Well, folks, the time has come to say goodbye to another year of Chicago’s most revered music festival. 2017 marked a great year for Riot Fest and even more so for attendees, who were graced with a wholly unique lineup packed to the gills with top-tier artists, beloved nostalgia acts and legendary reunion shows. While Friday night hosted amazing sets from Nine Inch Nails, Ministry, New Order and more, Saturday night was elevated by standout performances from gypsy punks Gogol Bordello and desert rockers Queens of the Stone Age. And just when fans thought it couldn’t be topped, Riot Fest organizers summoned the collective power of Jawbreaker, TV on the Radio and Prophets of Rage to close out Sunday in style.
“If you didn’t love that set, you are not alive.” Those were the words spoken from one ecstatic festival-goer exiting the Roots Stage grounds in the aftermath of the explosive Prophets of Rage performance that all but shook the earth. The epic performance was primarily built from a collection of material hailing from the supergroup’s members’ previously-established core projects (Cypress Hill, Public Enemy and Rage Against the Machine) but there were also a couple politically-charged originals from the group’s new album Prophets of Rage, which just dropped Friday… and both tracks packed a hell of a punch. “Living on the 110,” backed by Tim Commerford’s menacing bass, took on poverty while “Hail To The Chief” saw B-Real and Chuck D trading off venomous verses. The track peaked with a slick scratch battle of sorts between guitarist Tom Morello and DJ Lord, prior to its erupting in a flurry of blinding white strobe lights paired with Brad Wilk’s rapid-fire work behind the kit.
Also among the setlist, which was more like a splitting selection of greatest hits, were “Bulls on Parade” (Rage), “How I Could Just Kill A Man (Cypress Hill) and “Take the Power Back” (Public Enemy) — the lattermost which united the masses with an all-inclusive crowd-wide fist salute. Other noteworthy moments included charged up renditions of Rage’s “Sleep Now In The Fire,” and set closer “Killing in the Name.” Fans in the front row got some face time with the group’s duo of frontmen as the pair got up close and personal for a wicked medley that included Public Enemy’s “Bring the Noise” and Cypress Hill’s “Insane in the Brain.”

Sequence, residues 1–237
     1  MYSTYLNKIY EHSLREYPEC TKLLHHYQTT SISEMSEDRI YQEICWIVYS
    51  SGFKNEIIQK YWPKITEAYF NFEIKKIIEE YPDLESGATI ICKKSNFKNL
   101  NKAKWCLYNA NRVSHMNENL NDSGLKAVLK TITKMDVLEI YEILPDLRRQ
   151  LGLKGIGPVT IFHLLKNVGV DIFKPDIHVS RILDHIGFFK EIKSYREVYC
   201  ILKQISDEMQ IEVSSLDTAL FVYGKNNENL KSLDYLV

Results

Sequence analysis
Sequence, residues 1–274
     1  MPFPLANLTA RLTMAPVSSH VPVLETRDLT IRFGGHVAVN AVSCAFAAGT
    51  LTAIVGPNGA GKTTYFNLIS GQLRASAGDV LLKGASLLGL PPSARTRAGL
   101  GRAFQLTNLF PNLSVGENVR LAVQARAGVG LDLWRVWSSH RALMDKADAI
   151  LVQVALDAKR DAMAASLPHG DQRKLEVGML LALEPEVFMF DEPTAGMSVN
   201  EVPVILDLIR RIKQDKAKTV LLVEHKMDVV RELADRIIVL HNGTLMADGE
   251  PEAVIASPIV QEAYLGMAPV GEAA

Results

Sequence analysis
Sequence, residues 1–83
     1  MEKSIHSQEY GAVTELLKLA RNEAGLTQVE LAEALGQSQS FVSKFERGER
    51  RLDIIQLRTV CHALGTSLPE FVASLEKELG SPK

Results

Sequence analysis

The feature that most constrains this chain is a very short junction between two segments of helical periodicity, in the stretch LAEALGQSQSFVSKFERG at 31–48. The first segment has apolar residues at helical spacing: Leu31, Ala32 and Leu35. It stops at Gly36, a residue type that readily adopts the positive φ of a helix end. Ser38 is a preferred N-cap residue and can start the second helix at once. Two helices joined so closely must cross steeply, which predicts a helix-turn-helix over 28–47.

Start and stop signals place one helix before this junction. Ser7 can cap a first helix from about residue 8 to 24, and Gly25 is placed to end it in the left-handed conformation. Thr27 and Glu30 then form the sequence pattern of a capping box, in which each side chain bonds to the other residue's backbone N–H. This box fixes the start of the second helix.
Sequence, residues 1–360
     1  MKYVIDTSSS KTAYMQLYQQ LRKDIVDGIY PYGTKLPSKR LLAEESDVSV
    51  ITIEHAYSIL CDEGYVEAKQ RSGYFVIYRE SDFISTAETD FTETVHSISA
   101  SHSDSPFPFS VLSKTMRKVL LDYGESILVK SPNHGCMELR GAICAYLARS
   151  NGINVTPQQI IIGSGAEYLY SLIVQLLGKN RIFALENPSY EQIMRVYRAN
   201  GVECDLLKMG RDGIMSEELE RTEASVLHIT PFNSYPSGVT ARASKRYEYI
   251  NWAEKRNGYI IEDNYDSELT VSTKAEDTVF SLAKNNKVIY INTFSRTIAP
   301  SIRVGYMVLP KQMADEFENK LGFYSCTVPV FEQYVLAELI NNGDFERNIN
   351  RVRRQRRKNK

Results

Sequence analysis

Morello was on fire throughout the night, pulling unearthly sounds from his instrument as well as its plug, which he sonically manipulated to the delight of fans during a volatile performance of “Testify.” He later paid tribute to his good friend and collaborator Chris Cornell with a touching instrumental cover of Audioslave’s “Like a Stone.” “If you know the words, sing along,” encouraged Morello. “If not, say a prayer for peace.”
TV on the Radio’s set on the Rise Stage was among the several other standout performances from Sunday evening. Tunde Adebimpe and company brought their A-game to Douglas Park, taking listeners on an auditory trip beginning with the extended tone-setting opener “Young Liars.” The band played a handful of songs off their 2014 album Seeds including “Happy Idiot,” “Could You” and “Lazerrey… but the group’s rendition of “Winter” — dedicated to Adebimpe’s friend, whom he referred to as “tough as f*ck” — seemed to strike an extra meaningful chord with fans. A muted overcast sky and the faintest threat of rain only served to enhance the Dear Science track “DLZ,” which made for a tight, atmospheric jam just prior to sundown. The mid-set rendition of “Wolf Like Me” also transfixed listeners, who bobbed along to the frenzied apex crowd sing-along… “We’re howling forever, oh oh.”
Earlier in the day on the Roots Stage, The Mighty Mighty Bosstones’ 20th anniversary celebration of Let’s Face It brought the day’s biggest skank pits. California skate punks Pennywise, later prompted massive circle pits throughout their rowdy performance, which included opener “Fight Till You Die,” “F*ck Authority” and fan fav “Bro Hymn.” Built to Spill, Dinosaur Jr., Best Coast and Paramore were among the other buzzy sets from Riot Fest Day 3, all leading up to the highly-anticipated Jawbreaker reunion slated for later that night.
Excitement was certainly in the air by the time Jawbreaker took to the stage for their Sunday night headlining reunion on the Riot Stage. The New York-hailing punks fittingly opened their set with “Boxcar,” a fan favorite punk scene critique that still resonates 20 years after it first appeared on the group’s album 24 Hour Revenge Therapy. Frontman Blake Schwarzenbach showed love for Chicago saying he was “honored and humbled to be in this city with its enormous history,” prior to prompting a passionate sing-along during the 1990 Unfun track “Want.” The set also got political as the singer-guitarist took a moment between songs to encourage audience members to protest. “Nobody’s going to work tomorrow,” shouted Schwarzenbach. “General strike. F*ck this country.”
More than a dozen tracks made up Sunday night’s 75-minute set, which included renditions of “Kiss the Bottle,” “Sea Foam Green” and “Condition Oakland.” Intense at times, like during the gritty performance of “Jet Black,” the group brought range and depth to their Riot Fest set, etching in stone a reunion performance that won’t soon be forgotten.
(Photos by Laurie Fanelli)